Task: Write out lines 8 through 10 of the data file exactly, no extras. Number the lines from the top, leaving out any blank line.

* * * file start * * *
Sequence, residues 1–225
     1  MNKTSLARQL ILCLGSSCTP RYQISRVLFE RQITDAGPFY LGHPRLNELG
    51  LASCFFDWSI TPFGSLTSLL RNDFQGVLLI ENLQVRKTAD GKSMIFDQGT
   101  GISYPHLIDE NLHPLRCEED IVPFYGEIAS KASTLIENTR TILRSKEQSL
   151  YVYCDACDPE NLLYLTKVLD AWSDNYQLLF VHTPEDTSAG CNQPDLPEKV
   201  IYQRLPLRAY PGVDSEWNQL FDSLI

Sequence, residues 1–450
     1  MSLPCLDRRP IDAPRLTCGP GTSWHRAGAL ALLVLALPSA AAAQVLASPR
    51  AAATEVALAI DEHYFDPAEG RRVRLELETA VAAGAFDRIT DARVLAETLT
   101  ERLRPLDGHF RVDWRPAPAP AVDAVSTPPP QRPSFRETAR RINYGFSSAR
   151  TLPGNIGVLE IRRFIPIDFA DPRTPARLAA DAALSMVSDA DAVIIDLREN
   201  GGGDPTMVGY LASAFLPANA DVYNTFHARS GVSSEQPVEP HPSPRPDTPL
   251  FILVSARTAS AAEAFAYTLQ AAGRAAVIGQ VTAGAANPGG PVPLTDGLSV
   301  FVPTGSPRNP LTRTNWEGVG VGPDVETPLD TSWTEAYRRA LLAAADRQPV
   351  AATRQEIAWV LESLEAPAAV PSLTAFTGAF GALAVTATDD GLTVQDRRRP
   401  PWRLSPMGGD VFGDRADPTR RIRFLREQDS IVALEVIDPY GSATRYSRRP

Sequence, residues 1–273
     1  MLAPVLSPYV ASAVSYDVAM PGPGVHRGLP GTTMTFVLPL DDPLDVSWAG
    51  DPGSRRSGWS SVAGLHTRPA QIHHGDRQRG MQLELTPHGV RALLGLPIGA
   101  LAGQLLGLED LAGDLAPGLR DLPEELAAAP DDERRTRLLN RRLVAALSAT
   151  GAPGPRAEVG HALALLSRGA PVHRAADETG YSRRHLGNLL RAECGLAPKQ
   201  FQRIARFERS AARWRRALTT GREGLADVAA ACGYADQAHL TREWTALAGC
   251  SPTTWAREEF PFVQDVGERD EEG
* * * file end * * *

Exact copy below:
     1  MSLPCLDRRP IDAPRLTCGP GTSWHRAGAL ALLVLALPSA AAAQVLASPR
    51  AAATEVALAI DEHYFDPAEG RRVRLELETA VAAGAFDRIT DARVLAETLT
   101  ERLRPLDGHF RVDWRPAPAP AVDAVSTPPP QRPSFRETAR RINYGFSSAR